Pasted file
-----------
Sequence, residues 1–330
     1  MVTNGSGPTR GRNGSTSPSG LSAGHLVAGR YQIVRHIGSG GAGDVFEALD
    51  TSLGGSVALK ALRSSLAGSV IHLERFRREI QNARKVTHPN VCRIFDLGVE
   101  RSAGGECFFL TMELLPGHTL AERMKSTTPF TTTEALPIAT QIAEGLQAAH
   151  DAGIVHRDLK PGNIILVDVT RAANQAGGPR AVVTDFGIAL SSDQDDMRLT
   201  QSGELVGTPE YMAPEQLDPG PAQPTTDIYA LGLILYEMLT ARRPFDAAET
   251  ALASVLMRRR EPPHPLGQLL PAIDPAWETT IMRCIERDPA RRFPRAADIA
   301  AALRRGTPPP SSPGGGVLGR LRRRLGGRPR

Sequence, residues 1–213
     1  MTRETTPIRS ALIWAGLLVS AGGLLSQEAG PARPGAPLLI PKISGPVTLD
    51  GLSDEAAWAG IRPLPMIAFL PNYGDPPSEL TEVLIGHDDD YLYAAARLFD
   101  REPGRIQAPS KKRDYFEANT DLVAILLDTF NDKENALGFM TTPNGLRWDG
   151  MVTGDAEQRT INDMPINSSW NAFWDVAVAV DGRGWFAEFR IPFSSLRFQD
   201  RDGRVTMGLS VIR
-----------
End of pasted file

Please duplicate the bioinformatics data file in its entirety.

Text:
Sequence, residues 1–330
     1  MVTNGSGPTR GRNGSTSPSG LSAGHLVAGR YQIVRHIGSG GAGDVFEALD
    51  TSLGGSVALK ALRSSLAGSV IHLERFRREI QNARKVTHPN VCRIFDLGVE
   101  RSAGGECFFL TMELLPGHTL AERMKSTTPF TTTEALPIAT QIAEGLQAAH
   151  DAGIVHRDLK PGNIILVDVT RAANQAGGPR AVVTDFGIAL SSDQDDMRLT
   201  QSGELVGTPE YMAPEQLDPG PAQPTTDIYA LGLILYEMLT ARRPFDAAET
   251  ALASVLMRRR EPPHPLGQLL PAIDPAWETT IMRCIERDPA RRFPRAADIA
   301  AALRRGTPPP SSPGGGVLGR LRRRLGGRPR

Sequence, residues 1–213
     1  MTRETTPIRS ALIWAGLLVS AGGLLSQEAG PARPGAPLLI PKISGPVTLD
    51  GLSDEAAWAG IRPLPMIAFL PNYGDPPSEL TEVLIGHDDD YLYAAARLFD
   101  REPGRIQAPS KKRDYFEANT DLVAILLDTF NDKENALGFM TTPNGLRWDG
   151  MVTGDAEQRT INDMPINSSW NAFWDVAVAV DGRGWFAEFR IPFSSLRFQD
   201  RDGRVTMGLS VIR